The Pioneer Gift – A fairy tale

Sanguine Pelican – Lino cut print by Fuchsia Voremberg from 2021 Moon Calendar produced by Simone Kay and Lewis Kay-Thatcher

I’ve been reflecting on the relationship between pioneers and the institution and what goes wrong. This story came to me which explores this dynamic. It is just my imaginings and I’m sure you will find different ways to interpret it.

Once upon a time there was a handsome prince who would one day become king. He looked at his father’s kingdom, and while there was much that was good and holy, he could see how things could be done so much better in order to generate even more beauty and creativity in the world.

On the birthday he came of age, the king showed his love and pride in him by granting him enough power to begin creating the better world he could see so clearly in his mind’s eye. On that same day, the wise woman who lived in the woods gave him a special birthday gift. It was a fire bird with the most striking red plumage who always sang the truth. When the bird flew, she sang her prophetic song and new life would spring up in what looked like dead and desolate land. Yet the bird could only be seen by the prince and the wise woman. Everyone else was unaware of the significance of the gift he had been given.

So the prince set about turning his dreams into reality. Together with the fire bird, he explored forgotten bits of the kingdom bringing healing and restoration to places that had been ravaged by war and famine. Regularly the prince purposefully strode out from the palace with the bird on his wrist. And when he released her to fly, a spirit of hope, joy and new possibility was let loose in his father’s land.

As word of the success of the prince’s endeavour began to spread, the king became concerned that he would not be able to keep up this rapid growth and transformation. So he begged his son to take a wife to share the work with him in order that he wouldn’t be overwhelmed and become discouraged. For a while the son was able to resist the increasingly persistent concerns of his father. But, eventually, he too became persuaded that he needed help to achieve all he believed was possible.

The prince took a wife and together they began to build in the places which needed reconstruction. They worked hard and buildings went up, rivers were redirected and barren fields began to sprout crops. Things were going so well and he enjoyed co-labouring with his new wife so much, he clipped the wings of the fire bird. No longer did he need her help to do the resurrection work they had started together and he didn’t want her to fly too far without him. Yet despite grief and frustration, she continued to go ahead, as far as she was able. And there were times newness sprang up in unexpected places.

However, the prince did not really like this. He wanted his and his wife’s endeavour to prosper without the assistance of the fire bird. He knew the places that should be rebuilt and wanted just him and his wife to be responsible for this amazing turnaround in the fortunes of his father’s kingdom. He no longer enjoyed the assistance and companionship of his gift and began to resent the influence of such a small and insignificant creature on his grand plan. So, to curtail her activity further, he locked her in the castle.

Here too the fire bird flew around and tried to bring her gift. But she could only sing the truth. Once her song had been one of love and hope for the future. Now it was shrill and critical of the prince and his wife. The prince took to throwing stones at the bird when he caught sight of her and covering his ears to block out the song which was increasingly desperate and rage inducing.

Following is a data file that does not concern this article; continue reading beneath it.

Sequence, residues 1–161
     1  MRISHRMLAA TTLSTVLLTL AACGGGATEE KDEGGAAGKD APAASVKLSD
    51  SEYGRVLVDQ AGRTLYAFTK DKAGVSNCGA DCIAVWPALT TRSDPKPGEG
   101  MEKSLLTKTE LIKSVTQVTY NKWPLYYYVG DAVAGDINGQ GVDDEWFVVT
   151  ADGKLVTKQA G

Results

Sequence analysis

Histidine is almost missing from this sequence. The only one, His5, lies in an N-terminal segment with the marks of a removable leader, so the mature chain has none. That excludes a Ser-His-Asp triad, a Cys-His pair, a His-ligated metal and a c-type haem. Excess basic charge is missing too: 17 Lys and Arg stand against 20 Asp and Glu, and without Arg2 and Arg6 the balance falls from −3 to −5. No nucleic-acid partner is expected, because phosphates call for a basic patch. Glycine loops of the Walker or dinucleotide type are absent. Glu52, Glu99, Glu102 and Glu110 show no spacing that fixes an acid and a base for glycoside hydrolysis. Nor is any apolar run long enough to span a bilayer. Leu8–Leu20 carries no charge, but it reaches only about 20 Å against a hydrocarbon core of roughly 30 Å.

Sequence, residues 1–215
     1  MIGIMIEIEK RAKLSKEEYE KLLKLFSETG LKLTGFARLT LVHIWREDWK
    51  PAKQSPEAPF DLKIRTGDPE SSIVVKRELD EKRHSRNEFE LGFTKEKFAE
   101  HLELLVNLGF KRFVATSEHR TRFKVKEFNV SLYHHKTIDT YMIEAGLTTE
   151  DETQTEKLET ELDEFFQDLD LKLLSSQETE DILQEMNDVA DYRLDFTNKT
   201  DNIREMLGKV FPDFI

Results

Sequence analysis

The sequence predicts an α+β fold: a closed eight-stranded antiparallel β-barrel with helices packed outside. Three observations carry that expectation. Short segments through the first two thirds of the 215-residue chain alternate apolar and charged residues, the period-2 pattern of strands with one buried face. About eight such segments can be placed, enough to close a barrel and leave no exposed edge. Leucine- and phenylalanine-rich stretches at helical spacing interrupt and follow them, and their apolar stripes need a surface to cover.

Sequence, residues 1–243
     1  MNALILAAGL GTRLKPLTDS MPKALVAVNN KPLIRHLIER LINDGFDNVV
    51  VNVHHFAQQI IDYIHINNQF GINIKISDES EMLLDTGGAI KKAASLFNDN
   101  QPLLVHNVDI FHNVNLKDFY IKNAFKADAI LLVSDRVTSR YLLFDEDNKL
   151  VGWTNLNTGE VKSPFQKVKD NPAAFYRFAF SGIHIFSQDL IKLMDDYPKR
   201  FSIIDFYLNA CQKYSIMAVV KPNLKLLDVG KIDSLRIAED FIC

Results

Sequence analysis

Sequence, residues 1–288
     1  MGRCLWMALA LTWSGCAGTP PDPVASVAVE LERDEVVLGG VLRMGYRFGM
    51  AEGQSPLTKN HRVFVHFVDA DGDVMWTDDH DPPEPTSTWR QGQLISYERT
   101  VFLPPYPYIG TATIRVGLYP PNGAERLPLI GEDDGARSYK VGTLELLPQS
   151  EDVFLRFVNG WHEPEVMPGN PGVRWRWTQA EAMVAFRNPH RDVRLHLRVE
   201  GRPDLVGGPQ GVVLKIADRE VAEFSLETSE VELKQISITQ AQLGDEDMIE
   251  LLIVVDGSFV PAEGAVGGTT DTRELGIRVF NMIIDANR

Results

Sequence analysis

Finally, he decided this situation could not go on. He set a trap to catch the bird, put her in a cage and covered it with a cloth. The bird grew silent. She could no longer see the sky and bring her gift to anyone or anything. There was no way out and she lay at the bottom of the cage waiting for a different kind of release, the freedom of death.

Then one day the wise woman came out of the woods to see what the prince had been able to achieve with his vision and the gift he had been given. She was impressed. There was life and energy in places where previously there had only been devastation. However, she also began to notice something else. It wasn’t so much who was present and engaged in communal life, but those that were missing; the uneducated, the poor, the sick and there was a lack of diversity of age, colour and tribal identity. The wise woman was confused. She knew this wasn’t the fruit of her gift!

She sought out the prince and found him hard at work with his wife and the others he had recruited to his cause. They were doing good work, but she was surprised that there was no sign of the fire bird. The purpose of her gift had been to make the work easier and more joyful. Yet he had chosen the harder road, which at the same time appeared to the king and his subjects the most obvious and sensible one.

She asked what had become of her gift and he began to curse her for giving it to him. He went back to the castle retrieved the cage and threw it at the wise woman in disgust. She picked up the cage and at the sight of her the bird began to stir and find her voice. The wise woman uttered an incantation and instantly new feathers grew. The bird began to flap around her cage. The wise woman opened the door and set the fire bird free.

The scarlet songstress soared high up into the broad expanse of blue sky. Once more she could bring the gift of her song and release divine resurrection power in the world. Never again would she let a prince, or anyone else, silence her and she lived happily ever after.